Half a century after it first appeared, we ask whether the final separate-chassis TR, the TR6, was the last of the traditional British sports cars.
Ask anyone about British sports cars, and you’ll hear the same clichés every time. Hairy chested. Burbly. Meaty. Muscular. And while that’s undeniably true about the specialist manufacturers such as Morgan and TVR, when did we last have a mainstream manufacturer offering a car which fitted this mould? The breed was best popularised by the Austin Healey range, but the subsequent MGC never quite captured the public’s imagination in the same way. One car which did, however, was the Triumph TR6.
Launched in 1969, the TR6 was effectively a thorough facelift of its TR5 predecessor. The TR5 marked a distinct shift up for the TR range – having previously been powered by four cylinders with plenty of low-down torque, the TR5 updated the recipe with a fuel injected 2.5-litre six pot derived from the saloon range.
The TR6 built upon this recipe still further – the Michelotti body needed a refresh but the Italians were busy, so Triumph asked German styling house Karmann to refresh the TR5 body into something suitable for the Seventies. By squaring off the nose and tail, moving the headlamps outboard and restyling the rear to more strongly resemble the new corporate look. Under the bonnet, little had changed – this meant the same 2.5-litre engine, the same Lucas fuel injection system, and the same 150bhp.
The prelude – TR4 and 5
The TR6 was the summation of a line of TR sports cars which had effectively begun with the TR2. Chassis upgrades led to the TR3A of 1957 – and when it was time to refresh the model for 1961, Triumph brought in new stylists Michelotti to update the TR range. Under the skin of the new TR4 was the same drivetrain as before, but with niceties including a proper hood, wind-down windows and a more usable boot space.
The TR4A of 1965 brought independent rear suspension to the model, which (hard as it may seem to those used to later TRs) offered better ride and handling characteristics. The hood was improved using lessons learned from the Herald convertible, and while thought was given to a bigger engine, it took until the 1967 TR5 model for this to happen.
This car, cosmetically similar to the TR4A, was the first six-cylinder TR and the mechanical blueprint for the TR6 model. It used Lucas fuel injection to make the most of the engine’s available power – 150bhp in UK trim – but the emissions and price needs of the American market forced an alternative approach. The TR250 model the Americans got used twin Strombergs, dropping power but increasing economy. Barely 12 months into production, Triumph demanded a cosmetic refresh and the result of that work was the TR6.
Once again, the US-market cars had differences – though they did at least keep the same name unlike the preceding TR250. The injection system was replaced by Strombergs; an emissions measure which cut horsepower. While in the UK we are more used to seeing injected TR6s, just 8370-UK market cars were produced with injection, and 5333 for the rest of the world. The US-specification models numbered over 78000, meaning that carburetted TR6s are becoming ever more common in the UK through the number of dry-state cars reimported for restoration.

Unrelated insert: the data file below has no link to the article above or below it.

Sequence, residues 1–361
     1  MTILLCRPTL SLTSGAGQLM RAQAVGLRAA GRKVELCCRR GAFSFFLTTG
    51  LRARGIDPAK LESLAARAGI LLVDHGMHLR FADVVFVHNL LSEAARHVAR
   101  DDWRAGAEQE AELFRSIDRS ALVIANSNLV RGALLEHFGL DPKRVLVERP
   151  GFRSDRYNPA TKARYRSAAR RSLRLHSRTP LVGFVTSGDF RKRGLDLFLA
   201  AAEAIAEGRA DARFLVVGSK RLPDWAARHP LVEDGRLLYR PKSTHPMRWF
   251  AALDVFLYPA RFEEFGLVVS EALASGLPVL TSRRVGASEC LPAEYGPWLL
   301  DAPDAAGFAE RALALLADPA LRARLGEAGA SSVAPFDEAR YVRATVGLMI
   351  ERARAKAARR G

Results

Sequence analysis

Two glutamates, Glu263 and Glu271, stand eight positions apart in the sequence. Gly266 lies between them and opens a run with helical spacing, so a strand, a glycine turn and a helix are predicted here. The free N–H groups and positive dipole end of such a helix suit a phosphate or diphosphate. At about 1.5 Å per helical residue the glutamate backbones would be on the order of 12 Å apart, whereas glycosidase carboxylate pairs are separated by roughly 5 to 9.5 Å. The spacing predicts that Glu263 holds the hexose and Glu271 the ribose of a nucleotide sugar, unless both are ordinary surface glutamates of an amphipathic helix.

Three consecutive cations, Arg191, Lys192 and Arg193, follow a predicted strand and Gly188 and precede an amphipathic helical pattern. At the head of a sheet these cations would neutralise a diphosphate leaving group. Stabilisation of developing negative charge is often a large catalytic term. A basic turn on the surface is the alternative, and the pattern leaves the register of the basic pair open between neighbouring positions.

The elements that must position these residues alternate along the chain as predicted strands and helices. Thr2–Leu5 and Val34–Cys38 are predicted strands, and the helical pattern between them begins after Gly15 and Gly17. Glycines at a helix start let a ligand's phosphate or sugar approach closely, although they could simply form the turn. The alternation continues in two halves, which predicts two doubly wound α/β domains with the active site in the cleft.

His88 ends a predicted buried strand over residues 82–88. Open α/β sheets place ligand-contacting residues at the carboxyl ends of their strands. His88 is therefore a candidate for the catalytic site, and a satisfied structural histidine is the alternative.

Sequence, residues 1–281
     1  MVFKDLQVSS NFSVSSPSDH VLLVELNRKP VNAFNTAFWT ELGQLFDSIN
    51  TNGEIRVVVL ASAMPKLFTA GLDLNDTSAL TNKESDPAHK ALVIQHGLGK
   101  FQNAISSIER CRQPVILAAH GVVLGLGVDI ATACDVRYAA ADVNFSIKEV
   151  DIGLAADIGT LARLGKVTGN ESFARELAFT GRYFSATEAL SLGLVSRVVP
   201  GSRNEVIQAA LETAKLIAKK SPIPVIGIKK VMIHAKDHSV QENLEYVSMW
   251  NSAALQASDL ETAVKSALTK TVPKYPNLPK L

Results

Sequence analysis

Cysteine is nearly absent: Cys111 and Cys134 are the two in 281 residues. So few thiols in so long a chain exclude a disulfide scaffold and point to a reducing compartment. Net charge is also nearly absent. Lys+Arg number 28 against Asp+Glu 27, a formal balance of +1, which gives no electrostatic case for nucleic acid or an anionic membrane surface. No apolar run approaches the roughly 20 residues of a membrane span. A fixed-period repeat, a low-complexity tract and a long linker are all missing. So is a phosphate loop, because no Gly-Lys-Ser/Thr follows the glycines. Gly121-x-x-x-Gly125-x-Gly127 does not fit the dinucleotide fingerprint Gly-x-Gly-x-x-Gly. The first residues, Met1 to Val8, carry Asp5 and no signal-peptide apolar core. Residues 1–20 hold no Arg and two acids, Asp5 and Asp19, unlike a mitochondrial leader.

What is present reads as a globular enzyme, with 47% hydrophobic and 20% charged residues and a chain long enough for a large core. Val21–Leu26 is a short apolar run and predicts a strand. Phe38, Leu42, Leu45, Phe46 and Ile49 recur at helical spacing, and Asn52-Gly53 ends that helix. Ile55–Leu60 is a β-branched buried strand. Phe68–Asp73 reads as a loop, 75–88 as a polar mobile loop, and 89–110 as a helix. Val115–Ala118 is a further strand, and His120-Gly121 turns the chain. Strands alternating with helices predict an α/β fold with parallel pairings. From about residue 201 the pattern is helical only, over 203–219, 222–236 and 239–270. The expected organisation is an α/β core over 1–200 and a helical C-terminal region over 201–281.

It’s fair to say that these cars were strangled by emissions equipment – the early models (known as CC) wheezed their way to 104bhp, while the subsequent CF (concurrent to our CR) managed 106bhp. This meant that while the UK cars could do 0-60 in just over 8 seconds and nudge 120, the US-spec cars struggled to make 10 seconds and 110.
UK cars would themselves see a drop in power by 1973, as part of the revisions made to the model for the new ‘CR’ era cars. These models, denoted by a change in the first two characters of the chassis number from CP to CR, were detuned to 125bhp. This was done by changing the fuel metering unit, the distributor and the cam among other things, making upgrade work possible but involved. Detail trim changes and the deletion of overdrive on second gear also denoted these later CR models, which are typically worth around 10-15% less than the CP cars in equivalent condition.
When the Triumph TR6 was discontinued in 1975, the world had become a very different place. New regulations – driven largely by the American market which had been such a key part of the sports car plan for British Leyland – meant that the TR6’s successor was never going to be a brutish, fast drophead. Even If BL had had the wherewithal, fears of legislation outlawing convertibles meant the new car had to have a roof. The failure of the Stag in America meant that the next sportscar couldn’t use the V8, and with the six-pot looking long in the tooth that meant the Dolomite’s four-cylinder. The car we were destined to get, ultimately, was a dilution of the brutish sports cars of old – arguably more of a GT.
That doesn’t make the TR7 a bad car, nor a bad classic – far from it. With styling that was of its time, well tried and easily sourced mechanical parts and a chassis that was competent, the TR7 makes a lot of sense as a classic buy. Moreover, later models were available with convertible styling, meaning that the wind in the hair experience returned. But the TR7 never quite replaced the TR6 in spirit, and it was left to smaller manufacturers to pick up the baton.
TVR and Morgan, arguably, maintained the mantle of the big British bruiser well into the 21st century.